The offspring that survived all this is now displaying signs of that famous F1 hybrid vigour. Its leaves are a leathery over-sized green, the long-awaited, much longed for first flower that played dice with my patience is large and showy, and it bloomed out a delicately orange ruffly petal frock with some frosty pink at the waist, I mean, its eye zone. Hibiscus flowers are usually bisexual. But the flowery product of my cross is most likely sterile as it seemed to be missing its style and stigma. After the flower dried and fell off during repotting, I slit it open to discover its ovarian aspect undeveloped making it almost male. I scanned the internet looking for reasons and hit a few scattered paragraphs in different places.
Some hybrids are indeed sterile, and the double flowered hibiscus rosa-sinensis has genes that turn stamens into extra petals or even smaller petaloids in some cases. Lo and behold, in my ruffly orange wonder the upper half of the stamen tube or the whatyoumacallit seems to have transformed into extra petals, the lower half did yield some anthers upon closer examination and the entire upper half of the pistil, with those marvellous insect heli pads, is missing. I don’t know if those genes responsible for both stamens and extra petal formation in a double flower somehow also hindered the development of the gynoecium or the female parts in this flower. Remember not all double flowers are sterile. The pollen parent of this one is a red double hibiscus, which had all its female parts intact. Given good compost, a better, bigger pot, and the right conditions it can make seed. Its offspring, however, may have received a few extra genes due to polyploidy (explanation in last paragraph) so now it will have to be propagated via cuttings.
Anyone who keeps plants knows this—fussing amongst them is a kind of focused meditation. When you are with them they connect you to the earth and it’s poetry without words, mystical reverence without religion. Sometimes that’s all you can ask for from this life in the midst of self-seeking melodrama and mindless noise, to be able to listen when all the leaves of all the trees in your neighbourhood play softly in the breeze under a baby blue sky.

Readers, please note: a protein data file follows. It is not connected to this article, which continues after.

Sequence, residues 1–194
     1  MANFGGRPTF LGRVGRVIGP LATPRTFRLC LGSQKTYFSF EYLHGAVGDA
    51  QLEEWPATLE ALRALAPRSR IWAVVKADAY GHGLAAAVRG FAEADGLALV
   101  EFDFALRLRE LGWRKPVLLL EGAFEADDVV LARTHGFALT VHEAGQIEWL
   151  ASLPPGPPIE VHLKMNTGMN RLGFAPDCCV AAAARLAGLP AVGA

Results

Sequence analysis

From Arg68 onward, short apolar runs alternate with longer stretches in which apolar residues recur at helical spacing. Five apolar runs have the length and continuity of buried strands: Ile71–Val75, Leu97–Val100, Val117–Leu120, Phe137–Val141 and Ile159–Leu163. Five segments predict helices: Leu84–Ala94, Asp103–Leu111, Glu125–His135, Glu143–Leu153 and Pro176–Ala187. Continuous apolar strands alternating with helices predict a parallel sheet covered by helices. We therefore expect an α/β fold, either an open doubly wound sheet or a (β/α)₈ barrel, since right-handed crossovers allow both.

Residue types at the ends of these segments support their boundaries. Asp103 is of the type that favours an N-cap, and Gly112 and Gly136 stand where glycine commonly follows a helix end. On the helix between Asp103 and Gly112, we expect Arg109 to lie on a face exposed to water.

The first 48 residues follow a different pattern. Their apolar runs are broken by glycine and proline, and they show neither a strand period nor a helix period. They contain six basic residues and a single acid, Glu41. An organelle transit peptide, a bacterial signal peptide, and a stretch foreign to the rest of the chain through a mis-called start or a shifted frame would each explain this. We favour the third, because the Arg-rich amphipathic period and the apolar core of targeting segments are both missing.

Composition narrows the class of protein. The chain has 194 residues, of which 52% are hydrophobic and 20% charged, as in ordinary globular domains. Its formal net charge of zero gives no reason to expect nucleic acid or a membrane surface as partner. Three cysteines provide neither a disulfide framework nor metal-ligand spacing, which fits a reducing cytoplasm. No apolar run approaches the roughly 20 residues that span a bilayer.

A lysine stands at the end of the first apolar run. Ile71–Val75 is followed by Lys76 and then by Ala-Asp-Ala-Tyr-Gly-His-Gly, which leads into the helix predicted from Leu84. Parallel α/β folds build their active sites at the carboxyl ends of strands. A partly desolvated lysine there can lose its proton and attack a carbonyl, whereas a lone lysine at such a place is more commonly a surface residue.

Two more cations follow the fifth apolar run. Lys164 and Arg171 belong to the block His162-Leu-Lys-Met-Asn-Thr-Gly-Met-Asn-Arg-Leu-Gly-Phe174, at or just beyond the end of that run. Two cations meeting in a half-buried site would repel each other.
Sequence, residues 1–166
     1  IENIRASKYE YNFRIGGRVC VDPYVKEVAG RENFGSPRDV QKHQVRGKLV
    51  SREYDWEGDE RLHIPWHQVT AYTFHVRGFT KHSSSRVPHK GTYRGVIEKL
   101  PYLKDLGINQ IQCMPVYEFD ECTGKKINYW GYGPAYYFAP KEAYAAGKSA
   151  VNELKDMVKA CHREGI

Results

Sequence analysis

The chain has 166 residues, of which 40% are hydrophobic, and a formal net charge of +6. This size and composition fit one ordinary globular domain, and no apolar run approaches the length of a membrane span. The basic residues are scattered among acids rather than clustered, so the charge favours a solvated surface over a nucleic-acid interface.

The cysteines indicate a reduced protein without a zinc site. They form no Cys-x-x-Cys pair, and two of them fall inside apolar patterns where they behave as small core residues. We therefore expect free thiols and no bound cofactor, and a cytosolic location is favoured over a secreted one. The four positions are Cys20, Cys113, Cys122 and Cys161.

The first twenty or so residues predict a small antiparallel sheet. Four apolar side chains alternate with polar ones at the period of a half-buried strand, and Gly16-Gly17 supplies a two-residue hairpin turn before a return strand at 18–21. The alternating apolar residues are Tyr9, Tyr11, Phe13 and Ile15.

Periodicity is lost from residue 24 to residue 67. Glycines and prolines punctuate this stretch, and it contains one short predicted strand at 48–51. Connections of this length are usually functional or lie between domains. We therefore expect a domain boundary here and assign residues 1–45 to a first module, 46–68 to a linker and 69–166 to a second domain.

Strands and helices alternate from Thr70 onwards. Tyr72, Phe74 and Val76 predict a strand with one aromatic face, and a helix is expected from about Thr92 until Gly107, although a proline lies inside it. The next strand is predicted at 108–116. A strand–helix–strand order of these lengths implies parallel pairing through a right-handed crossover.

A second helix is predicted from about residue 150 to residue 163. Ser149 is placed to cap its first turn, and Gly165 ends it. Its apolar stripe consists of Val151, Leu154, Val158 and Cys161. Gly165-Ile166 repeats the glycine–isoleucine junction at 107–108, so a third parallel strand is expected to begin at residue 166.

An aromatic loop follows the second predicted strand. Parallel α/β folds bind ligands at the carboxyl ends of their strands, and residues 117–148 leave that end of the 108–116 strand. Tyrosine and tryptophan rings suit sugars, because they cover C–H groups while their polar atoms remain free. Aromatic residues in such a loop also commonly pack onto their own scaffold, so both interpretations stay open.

This particular species of tropical hibiscus, the rosa-sinensis, seems to be polyploid in its gene structure. In other words, during cross pollination gene combinations from the two parents result in more than the usual two gene sets. Instead of making the normal two sets from the immediate parents, all the genes from all previous generations seem to become available as add-ons leading to multiple sets of genes and incredible variety. It’s nature’s lucky draw. But this often leads to sterility as in the sunset-hued wonder in my garden, though sometimes not, if you are a fortunate gardener. Apparently, you never get the same flower type twice upon crossing. Each cross makes each seed in the resulting pod unique, with a brand new though related plant and flowering type just waiting to happen. Imagine this, if each of my five seeds had survived to maturity, they would have produced five different plants and five quirky flowers. Fact would have been stranger than any fiction I could have come up with.
- For Gregor Mendel’s biography, go to biography.com
- Video tutorial on crossing pea plants: daughterofthesoil.blogspot.in
- How to breed your own garden peas
- Another article from the same blog with a bit about Gregor Mendel and his work. An interesting snippet of information, the golden snow pea type that Mendel did his experiments on probably has its origins in India.